Of all the people we forgive, it seems that forgiving ourselves is the hardest to do. Try tho - as much as the loss of your mom hurts, it wasn't your fault.

StarTraci said...

I am sure that she is with God and the healthy, loving part of her in life is her full self in Heaven. And that healthy self knows why you said what you said. Because your number one job as a mom is to protect your child. And even if she wasn't able to see that in life, I am sure that she does now. I am sorry for your loss. But while time does not heal all wounds, God does. Please be kind to yourself. I am sure that your mother would want that for you.

God bless,
Traci

Haupi said...

I know it's hard not having your mom here, but maybe it's best since she was in pain and clouded in confusion. We all live in hope of a better tomorrow and we need to draw strength from that. The ONLY thing we can do in any situation is "the best we can" - so I don't think you should beat yourself up about anything. Grown people make their choices and for every choice there are consequences. It's just that we don't or can't stop loving them. Hope tomorrow is better for you.

Karen Mortensen said...

I like what everyone has said. I wish I could be as eloquent. Don't beat yourself up over what you said. Sometimes harsh things need to be said. She made her own choices and with those choices comes consequences. At least God will be her judge because He knows the whole story. Everything will work out in the end. Continue living your life the way you are. You are truly one awesome woman.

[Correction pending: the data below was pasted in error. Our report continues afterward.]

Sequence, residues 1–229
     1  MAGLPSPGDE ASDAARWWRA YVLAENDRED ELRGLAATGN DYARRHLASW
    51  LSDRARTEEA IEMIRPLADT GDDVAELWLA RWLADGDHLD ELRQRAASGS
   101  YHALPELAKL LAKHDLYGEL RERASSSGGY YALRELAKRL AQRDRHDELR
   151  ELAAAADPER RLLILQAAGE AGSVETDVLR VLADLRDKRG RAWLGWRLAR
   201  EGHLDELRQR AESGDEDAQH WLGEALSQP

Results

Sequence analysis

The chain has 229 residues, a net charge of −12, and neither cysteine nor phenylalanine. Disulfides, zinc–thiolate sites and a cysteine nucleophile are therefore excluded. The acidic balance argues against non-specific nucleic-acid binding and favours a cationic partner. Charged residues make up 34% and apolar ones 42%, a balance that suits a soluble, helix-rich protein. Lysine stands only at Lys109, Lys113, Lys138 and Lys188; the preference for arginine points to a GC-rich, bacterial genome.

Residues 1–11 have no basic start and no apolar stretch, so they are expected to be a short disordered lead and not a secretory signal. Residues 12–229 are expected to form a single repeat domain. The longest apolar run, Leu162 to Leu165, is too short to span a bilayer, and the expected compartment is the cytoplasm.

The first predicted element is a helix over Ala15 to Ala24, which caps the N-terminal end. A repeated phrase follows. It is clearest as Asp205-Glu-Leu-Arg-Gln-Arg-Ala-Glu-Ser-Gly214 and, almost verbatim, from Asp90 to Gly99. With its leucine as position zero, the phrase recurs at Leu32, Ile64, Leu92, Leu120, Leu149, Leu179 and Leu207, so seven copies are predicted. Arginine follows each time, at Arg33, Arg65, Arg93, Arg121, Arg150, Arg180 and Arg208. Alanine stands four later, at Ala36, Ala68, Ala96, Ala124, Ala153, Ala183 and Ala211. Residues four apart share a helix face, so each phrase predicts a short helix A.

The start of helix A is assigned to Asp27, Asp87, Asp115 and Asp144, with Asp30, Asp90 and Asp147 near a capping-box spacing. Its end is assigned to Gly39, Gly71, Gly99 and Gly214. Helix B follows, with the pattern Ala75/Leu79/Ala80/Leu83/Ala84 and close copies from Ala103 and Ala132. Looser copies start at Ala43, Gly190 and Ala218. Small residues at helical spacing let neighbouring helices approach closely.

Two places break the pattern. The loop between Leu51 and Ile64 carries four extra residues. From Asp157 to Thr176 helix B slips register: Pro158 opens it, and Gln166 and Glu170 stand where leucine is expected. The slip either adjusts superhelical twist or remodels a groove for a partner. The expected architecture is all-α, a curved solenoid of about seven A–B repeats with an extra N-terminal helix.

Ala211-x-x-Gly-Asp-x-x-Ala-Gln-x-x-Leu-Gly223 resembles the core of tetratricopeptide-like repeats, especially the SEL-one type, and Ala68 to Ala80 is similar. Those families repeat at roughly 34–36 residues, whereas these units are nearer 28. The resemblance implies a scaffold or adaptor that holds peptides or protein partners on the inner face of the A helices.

Clara said...

Oh my, such heartfelt words. I lost my Mom to Alzheimer's in 2007 and miss her everyday. She shaped me in more ways than I can believe even though I did not realize that till recently. The fact that you talk about her and recall her love and little things about her personality can assure you she was aware of your true feelings for her.

tsonodablog said...

Hello;
This is my first visit to your Blog. I enjoyed this post, as it obviously came from your heart. My mother also abused drugs (the prescription kind) and beer. Most of my memories growing up are of her being drunk and "fried". She died at age 52 with dementia. The doctors never specified what type, but my sister and I are sure it was brought on earlier in life because of her alcohol/drug abuse.
It was a merciful death, although I was still sad, but relieved. I said some awful things to her before she lost her faculties, and I had to forgive myself. It took awhile. She died 19 years ago, and a lot of the bad memories have faded, leaving more room for the few good memories I have of her.
Just wanted to share..........
Thanks for your post. I look forward to returning for more.
Terri

Kat's Out o'the Bag said...

I know I am late to reading and commenting on this but I just wanted to reach out to you as Christmas of 2010 becomes just a memory.

Just know that you are a wonderful, strong, and courageous woman.

AND

I love you.

WheelchairDecor said...

I knew we were kindred spirits. My mom died just a few days after yours. (My Dad died the same day as my Mom). You can read my post on
http://myelevenreasons.blogspot.com/ under the 'My Family' tab.
My sisters and I get together each September for 2 days to celebrate life and our parents...wish you could come and join us!
Becky Jane